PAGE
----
when will professional sports return to America?
Major league sports are a multi-billion dollar industry in the United States and are streamed daily throughout the country. On March 11, the NBA shocked sports fans across the country when they indefinitely suspended the season amid growing concerns of the COVID-19 pandemic. Shortly after the NBA announced the news, the NCAA followed suit and canceled the remainder of the season for winter sports and then postponing, before eventually canceling the spring sports season. The NHL also postponed the remainder of its season and spring training for the MLB was halted. While the NFL was not currently in season, on March 23 all training facilities were closed until at least mid April, a date which was later extended, with the opening day yet to be announced.
The professional basketball season would typically be in the conference finals right now, one round away from the championship series in the playoffs, but instead fans have been left hoping that the season will return. Beginning on May 8, players were allowed back into team facilities but they were still required to have limited contact with others. There is still no guarantee that the season will return, but according to ESPN, if the season were to return fans would not be able to attend the games until there is a vaccine available. As of right now the earliest possible start date would be the end of June.
Many questions are still up in the air considering there are still over 200 regular season games that have not been played, but the league has been clear that they hope to salvage the remainder of the season. The NBA Commissioner, Adam Silver, has stated that he believes the whole season can be played out but it would likely push back the beginning of the following season to late December compared to the usual start in the beginning of October.
The league is believed to be leaning towards hosting the remainder of the season in just two locations, Las Vegas and Orlando, to try and prevent as much travel as possible. Silver also stated in an interview with Bleacher Report that daily testing would be necessary in order to know if any player or other staff member contracts the coronavirus. Like most other things that have been closed due to quarantine, all future plans about the season depend on where the country is in its progress with the virus.
Similar to the NBA, the National Hockey League was close to finishing its regular season when everything was originally postponed. As of May 1, NHL facilities are scheduled to begin opening May 15 to allow players to prepare for the rest of the season. It seems more likely than not that if the season were to return, the remaining regular season games would be played between four locations without fans in attendance.
The league announced that each team would be given a three week training camp before the season resumes to get back in shape. It was also announced that there would be no chance of the season continuing if the team did not have the availability to frequently test all players for COVID-19. While little else has been announced by the NHL, it did state that no games would be played with fans in attendance for safety precautions. The league also got approval to move back the start date for the 2020-21 season if necessary.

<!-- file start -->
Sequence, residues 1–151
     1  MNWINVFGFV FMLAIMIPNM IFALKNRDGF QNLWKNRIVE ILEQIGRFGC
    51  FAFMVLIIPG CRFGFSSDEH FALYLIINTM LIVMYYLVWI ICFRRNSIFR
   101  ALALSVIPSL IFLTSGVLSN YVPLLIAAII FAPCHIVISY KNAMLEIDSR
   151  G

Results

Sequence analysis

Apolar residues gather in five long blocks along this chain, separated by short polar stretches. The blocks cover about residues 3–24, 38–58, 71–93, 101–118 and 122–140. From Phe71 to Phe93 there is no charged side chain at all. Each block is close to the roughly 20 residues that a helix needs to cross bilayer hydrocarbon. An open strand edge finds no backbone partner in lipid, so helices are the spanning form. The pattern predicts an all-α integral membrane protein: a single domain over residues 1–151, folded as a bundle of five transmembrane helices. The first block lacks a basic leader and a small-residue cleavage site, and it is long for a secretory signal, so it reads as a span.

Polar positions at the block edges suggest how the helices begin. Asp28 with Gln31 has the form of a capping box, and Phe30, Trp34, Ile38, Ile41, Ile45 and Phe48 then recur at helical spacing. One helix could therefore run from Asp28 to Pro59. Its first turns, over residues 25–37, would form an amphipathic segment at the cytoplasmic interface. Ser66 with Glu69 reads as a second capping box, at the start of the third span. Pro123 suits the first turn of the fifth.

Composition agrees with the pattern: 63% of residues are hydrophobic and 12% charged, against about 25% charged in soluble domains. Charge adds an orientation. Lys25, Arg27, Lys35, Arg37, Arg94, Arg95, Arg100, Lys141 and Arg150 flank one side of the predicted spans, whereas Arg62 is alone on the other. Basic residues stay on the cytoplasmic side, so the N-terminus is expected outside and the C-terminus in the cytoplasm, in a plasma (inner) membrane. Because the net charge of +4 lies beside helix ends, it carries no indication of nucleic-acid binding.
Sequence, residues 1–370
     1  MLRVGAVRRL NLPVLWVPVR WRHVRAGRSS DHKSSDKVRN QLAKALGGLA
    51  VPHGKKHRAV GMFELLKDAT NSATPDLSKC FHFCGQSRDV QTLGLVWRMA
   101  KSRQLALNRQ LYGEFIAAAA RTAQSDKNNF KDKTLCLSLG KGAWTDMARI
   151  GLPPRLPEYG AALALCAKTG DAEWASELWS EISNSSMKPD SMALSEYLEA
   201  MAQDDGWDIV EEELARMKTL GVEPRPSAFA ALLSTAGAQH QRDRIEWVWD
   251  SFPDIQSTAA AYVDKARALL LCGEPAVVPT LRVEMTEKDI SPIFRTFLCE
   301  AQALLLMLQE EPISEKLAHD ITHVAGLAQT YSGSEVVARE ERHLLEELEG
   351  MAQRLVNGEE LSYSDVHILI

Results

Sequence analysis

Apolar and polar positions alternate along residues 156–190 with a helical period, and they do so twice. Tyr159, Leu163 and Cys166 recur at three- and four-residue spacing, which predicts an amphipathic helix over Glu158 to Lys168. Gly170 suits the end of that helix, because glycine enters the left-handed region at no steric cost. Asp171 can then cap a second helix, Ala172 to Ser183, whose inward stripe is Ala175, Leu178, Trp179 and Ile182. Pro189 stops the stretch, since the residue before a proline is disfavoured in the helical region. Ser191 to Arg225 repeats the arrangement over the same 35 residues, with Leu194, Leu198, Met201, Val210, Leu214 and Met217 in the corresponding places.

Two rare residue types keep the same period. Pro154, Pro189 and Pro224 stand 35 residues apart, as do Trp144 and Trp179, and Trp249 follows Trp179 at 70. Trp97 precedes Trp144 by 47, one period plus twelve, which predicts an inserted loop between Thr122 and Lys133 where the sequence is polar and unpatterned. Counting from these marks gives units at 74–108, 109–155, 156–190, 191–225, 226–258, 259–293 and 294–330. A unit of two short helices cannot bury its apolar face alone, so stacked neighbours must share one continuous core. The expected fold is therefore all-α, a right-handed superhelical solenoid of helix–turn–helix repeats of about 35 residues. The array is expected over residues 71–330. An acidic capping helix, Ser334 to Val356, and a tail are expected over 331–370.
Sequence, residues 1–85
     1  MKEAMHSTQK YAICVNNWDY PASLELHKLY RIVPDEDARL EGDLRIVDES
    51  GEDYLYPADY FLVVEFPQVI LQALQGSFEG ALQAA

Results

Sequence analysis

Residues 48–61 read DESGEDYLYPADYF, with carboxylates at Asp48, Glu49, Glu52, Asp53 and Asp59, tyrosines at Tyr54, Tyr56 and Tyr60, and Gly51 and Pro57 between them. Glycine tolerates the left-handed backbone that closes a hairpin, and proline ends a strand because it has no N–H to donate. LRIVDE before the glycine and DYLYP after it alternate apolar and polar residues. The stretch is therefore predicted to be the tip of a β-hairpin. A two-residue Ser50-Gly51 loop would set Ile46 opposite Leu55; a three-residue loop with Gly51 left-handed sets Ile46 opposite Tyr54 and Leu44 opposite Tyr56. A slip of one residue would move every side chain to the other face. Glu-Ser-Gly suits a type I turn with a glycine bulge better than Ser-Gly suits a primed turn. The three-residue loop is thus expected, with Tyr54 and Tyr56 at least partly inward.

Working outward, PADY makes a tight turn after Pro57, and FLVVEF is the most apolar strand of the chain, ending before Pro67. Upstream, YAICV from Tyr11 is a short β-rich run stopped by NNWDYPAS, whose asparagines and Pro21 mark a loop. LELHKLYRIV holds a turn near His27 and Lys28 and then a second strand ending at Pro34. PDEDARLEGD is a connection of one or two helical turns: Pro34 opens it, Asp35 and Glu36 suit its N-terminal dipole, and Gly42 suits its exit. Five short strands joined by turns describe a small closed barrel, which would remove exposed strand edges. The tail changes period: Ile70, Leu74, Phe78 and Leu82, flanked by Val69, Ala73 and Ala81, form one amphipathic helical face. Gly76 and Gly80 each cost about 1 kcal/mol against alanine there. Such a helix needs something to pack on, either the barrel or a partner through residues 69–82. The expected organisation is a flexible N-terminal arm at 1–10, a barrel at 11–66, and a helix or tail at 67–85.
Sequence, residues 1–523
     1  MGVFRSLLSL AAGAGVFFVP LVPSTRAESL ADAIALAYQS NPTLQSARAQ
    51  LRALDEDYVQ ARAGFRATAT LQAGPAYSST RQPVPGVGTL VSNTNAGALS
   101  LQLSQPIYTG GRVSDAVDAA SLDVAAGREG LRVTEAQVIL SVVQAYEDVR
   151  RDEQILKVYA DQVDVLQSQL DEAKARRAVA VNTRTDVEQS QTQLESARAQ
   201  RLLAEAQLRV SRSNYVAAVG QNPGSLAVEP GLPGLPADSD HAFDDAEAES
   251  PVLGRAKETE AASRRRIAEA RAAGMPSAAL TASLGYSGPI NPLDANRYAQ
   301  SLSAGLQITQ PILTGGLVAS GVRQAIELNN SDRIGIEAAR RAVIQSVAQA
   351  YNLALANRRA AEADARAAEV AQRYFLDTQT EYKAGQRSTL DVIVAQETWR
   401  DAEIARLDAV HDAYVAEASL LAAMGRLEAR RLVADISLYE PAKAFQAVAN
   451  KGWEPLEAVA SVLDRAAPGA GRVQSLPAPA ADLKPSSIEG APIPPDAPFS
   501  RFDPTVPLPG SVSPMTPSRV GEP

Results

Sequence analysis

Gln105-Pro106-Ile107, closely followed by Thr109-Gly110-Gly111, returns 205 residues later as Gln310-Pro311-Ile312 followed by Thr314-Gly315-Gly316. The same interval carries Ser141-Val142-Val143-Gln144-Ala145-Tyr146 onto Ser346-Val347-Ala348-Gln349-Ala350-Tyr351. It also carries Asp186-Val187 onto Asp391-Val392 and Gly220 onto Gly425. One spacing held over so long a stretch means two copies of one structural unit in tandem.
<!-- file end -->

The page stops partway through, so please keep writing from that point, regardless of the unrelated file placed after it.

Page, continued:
The season for the sport that was once considered America’s pastime did not even get to begin it’s 2020 season as spring training was canceled less than a month away from opening day. While it still isn’t clear if the full 162 game season will occur, league officials have appeared hopeful that there will be a MLB season in some aspect this year. An early plan for the season had all teams play out of Arizona, which would mean the players would be quarantined there without access to their families. This plan obviously did not go over well with many players and was later revised.
On May 11, CBS Sports released an article detailing the new proposed plan for an 82 game season that would play the regular season games at a few select locations. A major upside of the plan would be that the league would allow for postseason games to be played at teams’ home fields, and the post-season would be expanded to include 14 teams rather than 10. It is unclear whether or not fans would be allowed, but presumably until there is a vaccine or a drastic reduction of COVID cases, the games would be played without fans in attendance. Just like the other professional sports, league officials have been very clear that the season will not start until the coronavirus test becomes easily accessible.
As of right now no official changes have been made to the upcoming NFL season. Schedules were released in the first week of May and all teams are set to begin in September like usual. Ticket sales for the upcoming season also opened so as of right now, the league is not planning to play any games without fans, however, some teams are only selling a certain number of tickets to prevent the stadiums from being at full capacity.
According to an interview for The New York Times, The Commissioner Roger Godell said that nothing for the upcoming season is certain and problems will be handled as they arise.
The biggest issue right now for the league is deciding how to have team training facilities open safely by mid-July so that training camp can begin on time. It is also evident that there would need to be enough tests to frequently test players, and currently in the United States there just aren’t enough tests available for that to happen.
While as of now nothing can be said for certain, all of the professional sports leagues in America are doing as much as possible to play their respective seasons while also keeping players, staff, and fans safe. The uncertainty of the future can be rough for die hard sports fans but sports will return, even if it isn’t for the remainder of 2020.